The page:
Holy Land Handicraft Cooperative Society (HLHCS) is based in Beit Sahour, a town east of Bethlehem in the West Bank with a population of around 15,400. The fair-trade organisation was founded in 1981 by an association of Palestinian artists and artisans. The aim is to preserve the traditional handicraft techniques of the area.
Besides selling its products to local tourists, HLHCS has also gained additional market access through its cooperation with European fair-trade organisations. The company is a member of the World Fair Trade Organization (WFTO) and aligns its work with the 10 principles of Fair Trade. These include, among other principles, ensuring good working conditions, commitment to transparency, fair trading practices, fair payment, freedom of association, non-discrimination and gender equity, as well as respect for the environment. More information here. According to HLHCS these principles are a tangible contribution to the fight against poverty, climate change and economic crisis. For HLHCS, running a successful business aligned to the principles of fair trade also shows that people are put first.
The main focus of the artisans' work is olive wood carvings. The range includes very complex religious motifs as well as wooden products for the kitchen and everyday use. HLHCS also offers other handmade products made of mother-of-pearl and sheep's wool, ceramics, embroidery and jewellery.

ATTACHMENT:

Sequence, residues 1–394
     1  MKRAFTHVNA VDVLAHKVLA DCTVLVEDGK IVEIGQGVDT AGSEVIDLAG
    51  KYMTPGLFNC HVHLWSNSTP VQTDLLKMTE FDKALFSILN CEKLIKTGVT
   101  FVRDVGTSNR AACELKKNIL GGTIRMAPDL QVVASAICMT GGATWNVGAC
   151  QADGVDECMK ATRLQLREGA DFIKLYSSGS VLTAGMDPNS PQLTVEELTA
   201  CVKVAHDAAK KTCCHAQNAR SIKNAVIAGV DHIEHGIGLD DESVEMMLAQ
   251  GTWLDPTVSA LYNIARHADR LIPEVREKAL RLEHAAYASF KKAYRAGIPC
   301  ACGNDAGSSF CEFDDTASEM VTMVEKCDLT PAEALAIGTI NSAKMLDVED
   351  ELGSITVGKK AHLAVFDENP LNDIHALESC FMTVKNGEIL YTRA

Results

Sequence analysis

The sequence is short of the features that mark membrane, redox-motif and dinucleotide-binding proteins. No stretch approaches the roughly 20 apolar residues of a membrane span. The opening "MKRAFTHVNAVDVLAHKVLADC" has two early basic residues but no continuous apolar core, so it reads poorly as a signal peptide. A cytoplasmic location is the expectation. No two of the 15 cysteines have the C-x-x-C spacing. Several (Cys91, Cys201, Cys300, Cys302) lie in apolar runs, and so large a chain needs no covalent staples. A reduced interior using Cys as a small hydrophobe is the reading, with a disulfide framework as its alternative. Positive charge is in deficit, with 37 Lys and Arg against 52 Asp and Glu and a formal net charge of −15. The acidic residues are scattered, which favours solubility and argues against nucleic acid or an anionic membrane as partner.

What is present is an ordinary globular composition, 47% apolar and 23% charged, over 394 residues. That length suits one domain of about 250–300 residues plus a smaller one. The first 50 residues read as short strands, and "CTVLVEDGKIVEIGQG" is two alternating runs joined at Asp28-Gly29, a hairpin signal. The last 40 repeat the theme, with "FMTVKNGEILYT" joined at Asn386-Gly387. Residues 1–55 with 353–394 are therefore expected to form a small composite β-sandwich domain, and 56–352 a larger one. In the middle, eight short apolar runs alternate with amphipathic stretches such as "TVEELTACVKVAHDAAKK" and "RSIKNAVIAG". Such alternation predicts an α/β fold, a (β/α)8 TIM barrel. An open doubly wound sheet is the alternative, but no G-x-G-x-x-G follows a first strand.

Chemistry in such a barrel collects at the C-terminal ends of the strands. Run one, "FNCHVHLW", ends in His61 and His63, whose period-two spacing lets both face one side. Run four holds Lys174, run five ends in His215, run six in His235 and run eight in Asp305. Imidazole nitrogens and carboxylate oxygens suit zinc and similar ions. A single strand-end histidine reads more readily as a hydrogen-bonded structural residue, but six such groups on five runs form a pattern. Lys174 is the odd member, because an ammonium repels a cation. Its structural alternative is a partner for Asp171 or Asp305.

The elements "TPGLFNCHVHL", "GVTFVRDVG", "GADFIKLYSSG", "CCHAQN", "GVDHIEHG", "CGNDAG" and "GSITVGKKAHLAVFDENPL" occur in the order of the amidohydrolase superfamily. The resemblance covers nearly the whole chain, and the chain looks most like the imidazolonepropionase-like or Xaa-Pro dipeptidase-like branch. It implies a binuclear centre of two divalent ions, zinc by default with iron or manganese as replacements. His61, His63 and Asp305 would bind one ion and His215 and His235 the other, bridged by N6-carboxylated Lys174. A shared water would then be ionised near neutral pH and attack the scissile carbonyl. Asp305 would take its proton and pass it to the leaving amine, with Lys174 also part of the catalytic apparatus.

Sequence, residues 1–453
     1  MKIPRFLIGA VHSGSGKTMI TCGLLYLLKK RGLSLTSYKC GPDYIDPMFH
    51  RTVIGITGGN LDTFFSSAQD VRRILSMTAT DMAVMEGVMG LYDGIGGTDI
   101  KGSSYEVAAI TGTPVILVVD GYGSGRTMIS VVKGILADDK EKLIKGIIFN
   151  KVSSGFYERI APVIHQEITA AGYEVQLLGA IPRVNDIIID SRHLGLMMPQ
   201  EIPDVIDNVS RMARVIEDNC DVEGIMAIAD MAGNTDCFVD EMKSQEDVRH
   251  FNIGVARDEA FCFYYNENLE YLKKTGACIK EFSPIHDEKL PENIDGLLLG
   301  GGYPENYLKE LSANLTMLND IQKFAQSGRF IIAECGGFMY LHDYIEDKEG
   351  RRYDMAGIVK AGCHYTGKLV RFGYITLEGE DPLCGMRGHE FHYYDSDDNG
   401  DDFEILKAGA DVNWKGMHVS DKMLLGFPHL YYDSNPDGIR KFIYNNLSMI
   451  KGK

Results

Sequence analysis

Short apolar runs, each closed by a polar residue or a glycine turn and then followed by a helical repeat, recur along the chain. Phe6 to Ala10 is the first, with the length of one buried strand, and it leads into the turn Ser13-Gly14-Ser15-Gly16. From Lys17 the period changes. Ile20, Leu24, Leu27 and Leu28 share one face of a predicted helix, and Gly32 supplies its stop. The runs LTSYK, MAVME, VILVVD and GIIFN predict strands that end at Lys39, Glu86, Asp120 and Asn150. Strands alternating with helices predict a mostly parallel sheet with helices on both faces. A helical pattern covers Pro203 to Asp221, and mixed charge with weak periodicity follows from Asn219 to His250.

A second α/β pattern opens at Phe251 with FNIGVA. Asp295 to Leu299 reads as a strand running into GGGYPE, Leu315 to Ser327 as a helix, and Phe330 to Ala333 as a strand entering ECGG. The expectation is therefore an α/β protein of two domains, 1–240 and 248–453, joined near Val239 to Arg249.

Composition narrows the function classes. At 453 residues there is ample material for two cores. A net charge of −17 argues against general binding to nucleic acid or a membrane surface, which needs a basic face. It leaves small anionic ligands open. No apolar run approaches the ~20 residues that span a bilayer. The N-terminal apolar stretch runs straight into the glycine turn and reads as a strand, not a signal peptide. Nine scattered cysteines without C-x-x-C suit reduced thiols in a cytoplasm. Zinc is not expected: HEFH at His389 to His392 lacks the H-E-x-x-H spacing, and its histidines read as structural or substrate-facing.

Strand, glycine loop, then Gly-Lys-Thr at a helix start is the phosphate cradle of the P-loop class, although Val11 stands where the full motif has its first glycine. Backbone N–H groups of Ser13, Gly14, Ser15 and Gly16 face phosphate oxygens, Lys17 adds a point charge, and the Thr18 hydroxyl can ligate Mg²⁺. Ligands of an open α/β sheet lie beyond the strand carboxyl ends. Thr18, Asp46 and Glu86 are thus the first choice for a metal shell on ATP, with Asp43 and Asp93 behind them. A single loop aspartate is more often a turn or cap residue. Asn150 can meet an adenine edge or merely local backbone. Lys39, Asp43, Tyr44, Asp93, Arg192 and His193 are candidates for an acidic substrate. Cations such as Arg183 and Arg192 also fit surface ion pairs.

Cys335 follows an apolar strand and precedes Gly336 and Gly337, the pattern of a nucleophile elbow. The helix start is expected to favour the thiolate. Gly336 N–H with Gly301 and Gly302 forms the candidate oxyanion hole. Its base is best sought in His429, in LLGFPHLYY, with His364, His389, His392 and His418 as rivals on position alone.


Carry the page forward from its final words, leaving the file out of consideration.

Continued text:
The wood for the carvings comes from local olive trees. The history of the use of olive wood in Palestine reaches back thousands of years. With the continuing demand for religious symbols by pilgrims, the region has a long tradition of high-quality carving techniques, which is preserved and carried on to this day.
One of the HLHCS artisans is Rimon Sway who works in his workshop alongside his son Elias. Here, as well as in the nearby workshop of his brother Nicola, the olive wood soap dishes that you find in our range are produced.
Available at FOLKDAYS: products by Rimon Sway Workshop
As of May 2021